New deals: the Chrysler revival and the American system.
New Deals: The Chrysler Revival and the American System. Robert R. Reich, John D. Donahue. Times Books, $17.95. At one level, this is an exceptionally detailed, and for the moment definitive, account of the federal rescue of the Chrysler Corporation. On another, and even more interesting level, the book is an attempt by one of the leading Democratic theorists of positive government to explore the reality of a major federal intervention in the marketplace.
The Chrysler story--described in New Deals with a combination of analytic skill, an eye for the telling anecdote and an understanding of detail and personality--is presented in four stages. They are: the deterioration of the number three automaker; the drive to gain federal support; the negotiations with stockholders, management, creditors and unions; and the aftermath of restored profitability. The second and third stages--the legislative process and the tough bargaining that followed--provide the most insight.
The central political strategy behind the Chrysler bailout was to persuade the administration and Congressmen that the legislation was in their self-interest. For Jimmy Carter, the legislation offered a means to try to retain the support of the United Automobile Workers in the face of a seemingly strong 1980 presidential primary challenge from Senator Edward M. Kennedy. For wavering members of the House and Senate, the corporation and its lobbyists put together detailed computer printouts showing, dollar by dollar, the cash flow from Chrysler to every supplier in every town in each district and state. To line up Democrats, Chrysler hired the lobbying firm of Patton, Boggs and Blow; for Republicans it was Timmons and Co. Joseph Ventura, who ran the Italian-American Foundation, backed by Lee Iacocca, put the arm on the 31-member House Italian-American caucus, persuading members to vote as a block for the bill. Even Gloria Steinem was brought into the battle to attempt to persuade prochoice advocate Senator Bob Packwood, although her efforts proved futile.
In the legislative process, two unlikely heroes emerge in the Reich-Donahue scenario: Democratic Senator William Proxmire and Republican Senator John Heinz. Widely thought of as lightweights --Proxmire as a self-indulgent gadfly, Heinz as a rich kid who bought himself a Senate seat--both men played significant roles. Proxmire, chairman of the Banking Committee, recognized that he did not have the votes to stop the legislation, so he used his position to ensure a thorough airing of the issues and to insist on the addition of provisions limiting public liability. Heinz, a politician well experienced in corporate profits, attempted to require a stock dilution system so that the bailout would not become a government-financed bonanza for just those affluent shareholders whose investments are supposed to be subject to the risks of the marketplace. Heinz was, however, unsuccessful and stockholders did make out like bandits.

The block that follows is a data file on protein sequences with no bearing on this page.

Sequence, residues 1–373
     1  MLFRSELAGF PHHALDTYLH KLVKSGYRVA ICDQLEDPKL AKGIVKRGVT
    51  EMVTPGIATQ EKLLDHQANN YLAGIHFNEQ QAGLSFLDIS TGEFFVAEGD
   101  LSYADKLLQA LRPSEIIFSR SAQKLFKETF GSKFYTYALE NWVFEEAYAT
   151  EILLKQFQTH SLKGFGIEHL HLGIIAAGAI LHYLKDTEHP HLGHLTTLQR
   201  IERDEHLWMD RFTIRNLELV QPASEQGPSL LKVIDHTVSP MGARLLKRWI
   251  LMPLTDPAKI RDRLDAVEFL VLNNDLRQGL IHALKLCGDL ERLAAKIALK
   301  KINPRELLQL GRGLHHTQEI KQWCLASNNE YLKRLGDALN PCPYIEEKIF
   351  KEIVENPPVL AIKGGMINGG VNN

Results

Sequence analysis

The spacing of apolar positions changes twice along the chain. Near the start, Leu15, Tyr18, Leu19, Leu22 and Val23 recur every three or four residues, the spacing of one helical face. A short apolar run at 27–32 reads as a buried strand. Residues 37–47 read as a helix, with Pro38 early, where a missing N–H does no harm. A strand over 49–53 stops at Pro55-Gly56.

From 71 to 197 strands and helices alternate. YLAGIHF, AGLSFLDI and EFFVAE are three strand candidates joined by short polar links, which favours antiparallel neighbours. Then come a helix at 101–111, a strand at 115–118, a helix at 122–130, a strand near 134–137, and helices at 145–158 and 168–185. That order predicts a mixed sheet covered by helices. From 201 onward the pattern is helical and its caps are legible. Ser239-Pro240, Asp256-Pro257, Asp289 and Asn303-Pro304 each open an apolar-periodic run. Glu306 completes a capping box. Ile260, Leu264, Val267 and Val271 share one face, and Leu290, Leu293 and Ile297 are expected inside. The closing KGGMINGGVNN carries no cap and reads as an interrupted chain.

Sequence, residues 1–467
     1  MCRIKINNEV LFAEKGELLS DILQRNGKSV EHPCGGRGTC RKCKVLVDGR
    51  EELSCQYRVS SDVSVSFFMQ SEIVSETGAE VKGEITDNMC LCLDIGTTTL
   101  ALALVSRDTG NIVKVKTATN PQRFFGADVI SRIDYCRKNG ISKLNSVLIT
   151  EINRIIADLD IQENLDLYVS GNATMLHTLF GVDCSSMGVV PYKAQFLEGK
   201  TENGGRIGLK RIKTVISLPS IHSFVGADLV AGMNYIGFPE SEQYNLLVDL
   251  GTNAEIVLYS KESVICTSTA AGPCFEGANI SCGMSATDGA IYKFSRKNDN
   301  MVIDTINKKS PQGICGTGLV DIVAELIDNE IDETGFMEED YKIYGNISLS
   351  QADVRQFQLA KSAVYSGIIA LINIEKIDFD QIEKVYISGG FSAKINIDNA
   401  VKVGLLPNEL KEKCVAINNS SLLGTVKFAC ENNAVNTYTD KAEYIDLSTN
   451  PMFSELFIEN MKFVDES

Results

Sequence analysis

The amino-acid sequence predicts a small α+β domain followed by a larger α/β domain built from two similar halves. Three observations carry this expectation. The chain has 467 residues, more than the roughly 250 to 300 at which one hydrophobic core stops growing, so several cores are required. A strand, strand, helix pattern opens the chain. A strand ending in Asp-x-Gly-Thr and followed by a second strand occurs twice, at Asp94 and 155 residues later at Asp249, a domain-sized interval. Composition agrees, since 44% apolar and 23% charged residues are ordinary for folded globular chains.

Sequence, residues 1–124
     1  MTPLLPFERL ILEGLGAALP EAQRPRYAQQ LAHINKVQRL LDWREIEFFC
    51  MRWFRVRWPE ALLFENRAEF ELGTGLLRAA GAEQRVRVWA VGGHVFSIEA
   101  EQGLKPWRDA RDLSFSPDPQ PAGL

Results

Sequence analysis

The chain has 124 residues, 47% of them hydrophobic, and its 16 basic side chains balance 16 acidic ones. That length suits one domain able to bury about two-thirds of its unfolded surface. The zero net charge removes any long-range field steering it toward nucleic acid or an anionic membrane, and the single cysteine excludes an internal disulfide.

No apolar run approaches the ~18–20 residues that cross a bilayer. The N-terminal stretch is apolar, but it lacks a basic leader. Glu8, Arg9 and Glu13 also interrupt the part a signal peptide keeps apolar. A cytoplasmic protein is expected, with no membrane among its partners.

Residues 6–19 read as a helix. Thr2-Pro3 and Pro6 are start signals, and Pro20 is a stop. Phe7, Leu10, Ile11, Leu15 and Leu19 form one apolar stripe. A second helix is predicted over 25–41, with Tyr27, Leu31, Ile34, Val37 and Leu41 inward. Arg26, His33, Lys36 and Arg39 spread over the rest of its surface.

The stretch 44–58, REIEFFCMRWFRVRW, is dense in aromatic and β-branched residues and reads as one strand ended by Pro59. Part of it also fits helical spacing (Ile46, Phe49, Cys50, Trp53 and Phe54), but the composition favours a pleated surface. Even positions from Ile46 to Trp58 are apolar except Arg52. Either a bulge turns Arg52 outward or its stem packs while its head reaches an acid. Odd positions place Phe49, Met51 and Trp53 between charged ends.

One of the toughest fights the federal government had with the management of Chrysler was to persuade Iacocca and other corporate officials to give up their company jets. Iacocca, one government regulator recalled, "called congressmen; he even called the White House. That was the only serious pressure we ever faced.'
In the end, Iacocca gave up the jets, but his sacrifice was negligible in the distribution of suffering throughout a major industrial retrenchment. The people who took it on the chin were the automobile workers. Despite the company's stunning revival in 1984, its American workforce was still smaller by a third than it had been in 1979, Reich and Donahue point out.
"The primary beneficiaries of the rescue [were] the company's managers, creditors, and stockholders,' the authors note. "These are precisely the groups that our economy rewards, and handsomely, for bearing risks . . . What gave was jobs.'
In addition, some of the innovations of the Chrysler bailout-- profit-sharing and union representation on the board--have "begun to atrophy.' The workers gave up profit-sharing in return for a 75-cent-an-hour raise in 1982, and the company only reluctantly agreed to allow the board seat held by United Auto Workers President Douglas Fraser to go to his successor, Owen Bieber.
Reich and Donahue are very cautious in their conclusions: "Many of the participants in Chrysler's revival performed superbly . . .. But the episode left unprobed the messier issues of what obligations we owe each other to share the risks, costs, and rewards of economic change.'
In reality, the distribution of risks, costs, and rewards in a highly political process--like the Chrysler bailout--are not likely to be determined by abstract concepts such as societal "obligations,' but instead by political power. The automobile industry faced an inevitable reduction in employment, but the absorption of the most severe penalties in retrenchment by the least senior of the assembly-line workers reflects the weakness of organized labor. Conversely, the political ascendancy of the stockholders, upper-level management, and bankers in the late 1970s and early 1980s was reflected not only in the outcome of the Chrysler bailout, but, on a much broader scale, in the adoption of tax policies benefiting the most affluent and in wide-ranging federal spending reductions directed at the working class and the poor.
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|Author:||Edsall, Thomas B.|
|Article Type:||Book Review|
|Date:||Oct 1, 1985|
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